Poor power connections may be behind finicky Pontiac G5

by Jim KerrBackyard Mechanic . Jan 11 2019

Question: I have a 2007 Pontiac G5, 2.2 litre. Lately, I have been having trouble with the car after it has been sitting overnight. If I go out to start the car sometimes on colder or damp nights, it does not want to engage to start, but if you keep trying it will eventually start. Also, at the same time, the anti-theft deterrent light will come on and the gauges on the car will go out of whack and the info-centre screen will show low fuel and power steering, etc. If you let the car run for five to 10 minutes or drive it that way, if you shut it off and restart it, it will clear itself and go back to normal.

When this occurs in the morning, there seems to be a bit of a drag on the engine or transmission. I had it looked at by a General Motors dealership, they checked the BCM and said it was OK and they checked the battery. They put on a new circuit panel and said the old one was corroded and put a new TCM on the transmission. This did not improve the car at all.

Thanks,

— Edward

 

Answer: My first thought was the anti-theft system was acting up, and it sounds like the dealership had the same thought when they checked the BCM, which controls the anti-theft system, but after looking at the information, I suspect a poor power or ground connection.

The action of the gauges and warning lights indicate either a loss of communication between the instrument cluster and other computers or a poor power or ground connection. The other symptom, the drag on the engine or transmission, could actually be the transmission starting in a higher gear. If the transmission loses power or ground connections, it defaults to starting in a higher gear, so this would confirm my suspicions. The big problem is finding where the poor ground or power connections are located.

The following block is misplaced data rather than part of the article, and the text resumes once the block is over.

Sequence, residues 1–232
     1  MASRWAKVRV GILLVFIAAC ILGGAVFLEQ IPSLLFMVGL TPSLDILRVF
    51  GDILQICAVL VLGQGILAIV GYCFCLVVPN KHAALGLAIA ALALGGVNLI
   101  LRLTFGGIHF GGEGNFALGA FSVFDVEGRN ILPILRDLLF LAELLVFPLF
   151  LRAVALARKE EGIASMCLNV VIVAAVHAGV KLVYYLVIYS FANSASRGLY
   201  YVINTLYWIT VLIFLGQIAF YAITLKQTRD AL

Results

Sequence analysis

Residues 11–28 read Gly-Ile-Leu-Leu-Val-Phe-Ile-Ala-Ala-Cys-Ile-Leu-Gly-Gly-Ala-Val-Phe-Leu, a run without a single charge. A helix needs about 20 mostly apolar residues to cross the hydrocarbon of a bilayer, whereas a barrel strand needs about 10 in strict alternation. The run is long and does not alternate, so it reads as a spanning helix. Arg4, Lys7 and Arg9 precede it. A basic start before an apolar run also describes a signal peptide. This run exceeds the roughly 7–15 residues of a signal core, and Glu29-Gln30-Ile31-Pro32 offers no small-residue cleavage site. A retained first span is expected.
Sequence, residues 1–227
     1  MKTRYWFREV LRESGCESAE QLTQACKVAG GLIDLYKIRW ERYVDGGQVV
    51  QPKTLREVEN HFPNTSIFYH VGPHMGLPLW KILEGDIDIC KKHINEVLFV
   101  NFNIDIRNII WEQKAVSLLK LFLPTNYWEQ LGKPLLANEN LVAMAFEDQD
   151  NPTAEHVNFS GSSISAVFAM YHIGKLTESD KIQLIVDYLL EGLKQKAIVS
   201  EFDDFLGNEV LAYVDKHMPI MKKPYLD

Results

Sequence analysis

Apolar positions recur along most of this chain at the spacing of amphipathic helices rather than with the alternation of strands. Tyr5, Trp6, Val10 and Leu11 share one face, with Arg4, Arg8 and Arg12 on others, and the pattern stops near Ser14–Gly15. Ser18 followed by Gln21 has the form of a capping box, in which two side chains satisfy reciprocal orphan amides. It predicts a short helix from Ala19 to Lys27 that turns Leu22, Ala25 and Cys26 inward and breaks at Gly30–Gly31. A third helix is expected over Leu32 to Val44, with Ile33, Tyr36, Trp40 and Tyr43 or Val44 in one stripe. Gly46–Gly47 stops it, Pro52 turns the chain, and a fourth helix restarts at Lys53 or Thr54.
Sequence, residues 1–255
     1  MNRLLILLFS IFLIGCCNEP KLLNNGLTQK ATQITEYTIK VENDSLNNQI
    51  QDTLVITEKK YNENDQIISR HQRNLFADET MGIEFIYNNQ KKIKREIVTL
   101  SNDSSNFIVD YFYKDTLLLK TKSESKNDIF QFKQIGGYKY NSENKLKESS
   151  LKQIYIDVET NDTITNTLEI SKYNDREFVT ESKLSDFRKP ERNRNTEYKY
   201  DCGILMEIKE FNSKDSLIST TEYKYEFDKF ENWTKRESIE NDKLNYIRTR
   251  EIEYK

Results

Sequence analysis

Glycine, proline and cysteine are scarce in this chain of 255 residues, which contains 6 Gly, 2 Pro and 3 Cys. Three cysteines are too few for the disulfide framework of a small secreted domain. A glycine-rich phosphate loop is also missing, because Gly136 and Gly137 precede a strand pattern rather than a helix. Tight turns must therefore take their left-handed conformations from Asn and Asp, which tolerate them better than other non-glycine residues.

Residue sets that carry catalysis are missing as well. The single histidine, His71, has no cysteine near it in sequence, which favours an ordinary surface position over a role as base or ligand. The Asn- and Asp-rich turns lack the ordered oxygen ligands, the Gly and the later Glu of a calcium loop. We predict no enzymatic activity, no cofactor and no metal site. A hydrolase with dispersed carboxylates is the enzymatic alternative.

Because you have a problem with the starter motor not cranking the engine first thing in the morning, I suspect the problem is likely between the engine and the battery. It is usually loose or corroded ground connections that cause the most problems and cold or damp conditions make it worse. Clean and tighten all ground connections at the battery, body and engine. You may also want to run a separate ground wire from the engine to the battery. I suspect this will correct your vehicle problems.

 

Question: I have a 2012 GMC pickup with the 5.3L engine. It runs fine on the highway, but at idle, it seems to miss on one cylinder and there is a ticking noise from the valve cover. Spark plugs and wires have been changed. The engine has the cylinder cut-out feature and I have heard that can be a problem. What do you think?

— Robert

 

Answer: I have seen several engines where one of the lifters becomes stuck or gummy and does not open the valves properly on these engines. Regular oil and filter changes and maintaining the crankcase ventilation system will help prevent these problems, but once they occur, it is more difficult. You can try running an aftermarket oil additive designed to clean gum deposits for a few hundred kilometres and then change the oil a couple times in the next thousand kilometres in an attempt to clean the internal parts of the lifters and cylinder deactivation system.

If that doesn’t work, the next solution is to replace the lifter. It is possible that the solenoid that controls the lifter is sticking, so have this checked with a scan tool before replacing the lifter. Some mechanics will change all the lifters, but they are quite expensive, so others will change only the ones they think are faulty. Consider the cost of labour versus the cost of the lifters when deciding to change just one or all of the lifters.

james.kerr@sasktel.net